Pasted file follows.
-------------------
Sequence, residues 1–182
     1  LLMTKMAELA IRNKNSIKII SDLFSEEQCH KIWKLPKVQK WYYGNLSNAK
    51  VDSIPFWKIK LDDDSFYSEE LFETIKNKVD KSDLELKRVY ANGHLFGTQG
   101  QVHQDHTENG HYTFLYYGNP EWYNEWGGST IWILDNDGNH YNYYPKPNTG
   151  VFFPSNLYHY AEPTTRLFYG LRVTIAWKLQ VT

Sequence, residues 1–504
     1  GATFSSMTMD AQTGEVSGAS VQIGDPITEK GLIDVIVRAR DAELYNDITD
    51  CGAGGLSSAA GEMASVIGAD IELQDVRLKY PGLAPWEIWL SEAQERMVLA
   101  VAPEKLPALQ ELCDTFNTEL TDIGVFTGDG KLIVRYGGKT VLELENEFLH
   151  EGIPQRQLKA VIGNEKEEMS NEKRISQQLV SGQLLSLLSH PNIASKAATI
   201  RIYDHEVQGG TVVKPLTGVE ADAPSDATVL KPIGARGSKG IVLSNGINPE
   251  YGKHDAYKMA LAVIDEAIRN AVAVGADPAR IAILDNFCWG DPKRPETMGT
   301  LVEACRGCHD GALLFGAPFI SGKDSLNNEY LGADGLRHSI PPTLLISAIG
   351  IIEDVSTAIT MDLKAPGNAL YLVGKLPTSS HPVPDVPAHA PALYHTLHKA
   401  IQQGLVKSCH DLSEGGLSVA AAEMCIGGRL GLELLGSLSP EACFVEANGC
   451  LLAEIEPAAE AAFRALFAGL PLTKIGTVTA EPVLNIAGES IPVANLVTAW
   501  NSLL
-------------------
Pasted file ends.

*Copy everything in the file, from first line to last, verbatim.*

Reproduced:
Sequence, residues 1–182
     1  LLMTKMAELA IRNKNSIKII SDLFSEEQCH KIWKLPKVQK WYYGNLSNAK
    51  VDSIPFWKIK LDDDSFYSEE LFETIKNKVD KSDLELKRVY ANGHLFGTQG
   101  QVHQDHTENG HYTFLYYGNP EWYNEWGGST IWILDNDGNH YNYYPKPNTG
   151  VFFPSNLYHY AEPTTRLFYG LRVTIAWKLQ VT

Sequence, residues 1–504
     1  GATFSSMTMD AQTGEVSGAS VQIGDPITEK GLIDVIVRAR DAELYNDITD
    51  CGAGGLSSAA GEMASVIGAD IELQDVRLKY PGLAPWEIWL SEAQERMVLA
   101  VAPEKLPALQ ELCDTFNTEL TDIGVFTGDG KLIVRYGGKT VLELENEFLH
   151  EGIPQRQLKA VIGNEKEEMS NEKRISQQLV SGQLLSLLSH PNIASKAATI
   201  RIYDHEVQGG TVVKPLTGVE ADAPSDATVL KPIGARGSKG IVLSNGINPE
   251  YGKHDAYKMA LAVIDEAIRN AVAVGADPAR IAILDNFCWG DPKRPETMGT
   301  LVEACRGCHD GALLFGAPFI SGKDSLNNEY LGADGLRHSI PPTLLISAIG
   351  IIEDVSTAIT MDLKAPGNAL YLVGKLPTSS HPVPDVPAHA PALYHTLHKA
   401  IQQGLVKSCH DLSEGGLSVA AAEMCIGGRL GLELLGSLSP EACFVEANGC
   451  LLAEIEPAAE AAFRALFAGL PLTKIGTVTA EPVLNIAGES IPVANLVTAW
   501  NSLL